Reading the actual comic feels almost exactly like new SmackJeeves but competent, and I’m not sure yet if that’s good or bad? Certainly it works better than SmackJeeves: there’s not awkward white spaces and the navigation bars are more responsive, but…it still doesn’t feel right. Even when the nav bars disappear, the screen feels crowded. The bars feel almost too big, particularly the top menu. At least for the most part, the symbols all make sense for what they do and why, and the flyout of the episode list to the right is a nice touch that allows for easily navigating within a comic. You can also jump down to comments. As any time, and navigate using the next and previous buttons without having to scroll too far at any time.

Again, spacing is really nice throughout. Next to your comments section, you have a “more like this” section and a “read next” section, which features comics from your library. I would have put the Read Next section on top but I get why Tapas is pushing their comics in this way. There’s nothing here that doesn’t make sense. There are features missing that I know creators really liked, such as the patreon banner and support buttons. Speaking of support, just how does one give their favorite Tapas comics support through the ink system? This was once a prominent feature on each comic episode, and now I’m having trouble finding it. Turns out, it was hiding in the menu in the navigation bar, along with the subscribe/unsubscribe option and report. Now it’s just “Support [user]” with the ink icon. Clicking the icon brings up a pop up.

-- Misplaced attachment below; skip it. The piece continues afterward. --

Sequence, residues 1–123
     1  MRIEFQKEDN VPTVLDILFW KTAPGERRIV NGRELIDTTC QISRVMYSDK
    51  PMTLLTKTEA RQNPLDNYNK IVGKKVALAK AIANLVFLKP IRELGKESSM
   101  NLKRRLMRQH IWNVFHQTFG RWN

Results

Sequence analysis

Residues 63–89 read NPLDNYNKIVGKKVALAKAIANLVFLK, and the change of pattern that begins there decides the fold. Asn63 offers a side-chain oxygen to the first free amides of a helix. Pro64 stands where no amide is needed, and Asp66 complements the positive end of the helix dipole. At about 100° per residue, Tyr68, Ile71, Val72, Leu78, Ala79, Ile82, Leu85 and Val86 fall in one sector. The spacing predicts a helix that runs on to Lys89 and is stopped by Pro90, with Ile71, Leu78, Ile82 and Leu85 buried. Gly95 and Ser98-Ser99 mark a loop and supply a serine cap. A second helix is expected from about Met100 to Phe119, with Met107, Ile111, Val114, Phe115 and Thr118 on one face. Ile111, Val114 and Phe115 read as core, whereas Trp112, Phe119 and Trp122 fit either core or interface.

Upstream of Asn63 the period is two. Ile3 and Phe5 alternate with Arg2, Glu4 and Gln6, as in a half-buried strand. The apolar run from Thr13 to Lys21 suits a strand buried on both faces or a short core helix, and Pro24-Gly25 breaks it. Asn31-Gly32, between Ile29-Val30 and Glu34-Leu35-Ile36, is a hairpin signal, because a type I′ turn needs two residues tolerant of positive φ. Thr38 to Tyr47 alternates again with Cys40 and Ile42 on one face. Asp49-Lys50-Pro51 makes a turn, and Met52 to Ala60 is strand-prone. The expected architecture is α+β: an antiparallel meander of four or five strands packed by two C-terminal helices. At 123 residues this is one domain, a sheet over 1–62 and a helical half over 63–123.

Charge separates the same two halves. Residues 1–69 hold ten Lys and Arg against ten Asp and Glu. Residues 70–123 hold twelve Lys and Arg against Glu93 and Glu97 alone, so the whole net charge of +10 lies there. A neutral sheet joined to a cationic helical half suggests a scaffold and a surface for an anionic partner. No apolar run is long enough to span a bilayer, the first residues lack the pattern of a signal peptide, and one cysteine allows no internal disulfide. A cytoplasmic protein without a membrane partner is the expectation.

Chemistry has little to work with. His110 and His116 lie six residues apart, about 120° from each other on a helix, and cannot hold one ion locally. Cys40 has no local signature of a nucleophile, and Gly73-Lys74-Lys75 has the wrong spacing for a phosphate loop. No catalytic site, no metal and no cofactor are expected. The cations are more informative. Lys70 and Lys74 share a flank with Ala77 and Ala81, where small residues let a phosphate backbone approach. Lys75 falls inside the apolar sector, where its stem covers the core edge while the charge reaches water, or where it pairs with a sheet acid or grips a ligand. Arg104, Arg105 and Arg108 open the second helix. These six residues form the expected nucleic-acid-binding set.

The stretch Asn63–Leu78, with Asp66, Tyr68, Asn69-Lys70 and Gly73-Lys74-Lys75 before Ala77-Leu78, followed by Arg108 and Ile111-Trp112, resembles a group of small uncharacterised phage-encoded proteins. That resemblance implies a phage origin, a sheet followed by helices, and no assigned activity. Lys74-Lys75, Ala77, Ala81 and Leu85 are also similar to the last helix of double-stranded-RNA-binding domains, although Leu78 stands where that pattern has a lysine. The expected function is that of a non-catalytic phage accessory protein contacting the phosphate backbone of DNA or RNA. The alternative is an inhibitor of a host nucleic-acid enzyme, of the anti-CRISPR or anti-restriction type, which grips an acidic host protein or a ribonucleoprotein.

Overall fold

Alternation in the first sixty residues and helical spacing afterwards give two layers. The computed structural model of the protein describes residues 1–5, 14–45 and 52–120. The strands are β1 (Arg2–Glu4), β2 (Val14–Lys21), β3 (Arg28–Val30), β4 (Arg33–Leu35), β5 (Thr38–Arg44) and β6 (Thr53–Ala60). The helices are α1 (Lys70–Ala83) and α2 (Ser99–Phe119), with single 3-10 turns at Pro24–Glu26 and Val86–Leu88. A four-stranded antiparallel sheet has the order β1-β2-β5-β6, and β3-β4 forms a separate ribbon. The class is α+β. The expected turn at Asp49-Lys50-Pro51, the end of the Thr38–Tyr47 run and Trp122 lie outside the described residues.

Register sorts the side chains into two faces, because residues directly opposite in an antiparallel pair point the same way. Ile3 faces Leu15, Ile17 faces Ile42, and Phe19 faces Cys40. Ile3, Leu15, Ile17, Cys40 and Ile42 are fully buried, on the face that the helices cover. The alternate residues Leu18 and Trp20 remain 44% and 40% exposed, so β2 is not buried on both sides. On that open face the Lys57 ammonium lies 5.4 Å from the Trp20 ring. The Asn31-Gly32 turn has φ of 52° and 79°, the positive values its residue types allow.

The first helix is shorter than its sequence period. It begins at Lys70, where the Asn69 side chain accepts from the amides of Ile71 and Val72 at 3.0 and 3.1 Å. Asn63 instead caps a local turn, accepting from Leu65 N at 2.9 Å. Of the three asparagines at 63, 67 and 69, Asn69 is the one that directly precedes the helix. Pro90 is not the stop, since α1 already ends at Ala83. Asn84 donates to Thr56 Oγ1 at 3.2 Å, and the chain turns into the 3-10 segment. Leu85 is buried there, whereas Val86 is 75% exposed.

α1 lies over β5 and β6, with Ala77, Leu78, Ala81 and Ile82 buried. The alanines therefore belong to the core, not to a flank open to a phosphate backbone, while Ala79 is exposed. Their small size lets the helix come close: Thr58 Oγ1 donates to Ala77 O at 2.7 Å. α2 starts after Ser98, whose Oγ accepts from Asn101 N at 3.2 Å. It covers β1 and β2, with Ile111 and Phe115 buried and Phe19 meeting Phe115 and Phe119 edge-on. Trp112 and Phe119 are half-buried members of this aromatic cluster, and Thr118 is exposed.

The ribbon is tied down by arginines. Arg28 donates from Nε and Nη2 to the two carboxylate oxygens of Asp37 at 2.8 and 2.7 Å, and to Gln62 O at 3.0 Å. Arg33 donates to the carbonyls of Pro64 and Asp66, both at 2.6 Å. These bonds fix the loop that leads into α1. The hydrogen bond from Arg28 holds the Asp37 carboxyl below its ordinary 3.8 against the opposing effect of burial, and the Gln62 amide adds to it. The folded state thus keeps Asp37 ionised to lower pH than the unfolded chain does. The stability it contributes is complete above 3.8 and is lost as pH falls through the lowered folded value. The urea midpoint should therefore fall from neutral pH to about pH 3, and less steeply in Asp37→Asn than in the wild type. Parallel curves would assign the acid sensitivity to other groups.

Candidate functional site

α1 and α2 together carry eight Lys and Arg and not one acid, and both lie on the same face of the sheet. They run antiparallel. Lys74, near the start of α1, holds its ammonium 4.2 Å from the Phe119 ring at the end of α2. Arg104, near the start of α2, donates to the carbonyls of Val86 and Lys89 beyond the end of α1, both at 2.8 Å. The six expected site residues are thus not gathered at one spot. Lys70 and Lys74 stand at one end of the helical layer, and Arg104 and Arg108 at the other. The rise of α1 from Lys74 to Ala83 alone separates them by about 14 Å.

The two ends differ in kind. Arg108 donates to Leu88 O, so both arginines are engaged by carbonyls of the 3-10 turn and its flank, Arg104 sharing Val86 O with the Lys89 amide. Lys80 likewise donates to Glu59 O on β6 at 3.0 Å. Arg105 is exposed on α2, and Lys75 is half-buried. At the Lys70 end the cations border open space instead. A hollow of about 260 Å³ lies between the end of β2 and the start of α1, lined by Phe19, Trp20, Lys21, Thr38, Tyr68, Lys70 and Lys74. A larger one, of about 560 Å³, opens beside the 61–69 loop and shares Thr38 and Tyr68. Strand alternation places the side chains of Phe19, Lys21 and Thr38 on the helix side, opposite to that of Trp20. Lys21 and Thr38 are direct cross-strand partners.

It’s not very intuitive. You’d find it eventually, but for something that’s a fairly big part of the Tapas offering, it really needs to be more front and center. I would have put a support button next to the new and slightly unneeded like button under the comic page.  

(Support and like button images from Heart of Keol by keiiii.)

I went through the user backend with publishing pages and it works pretty much the same way. The only difference is less yellow. I was surprised but I was also prepared for the worst.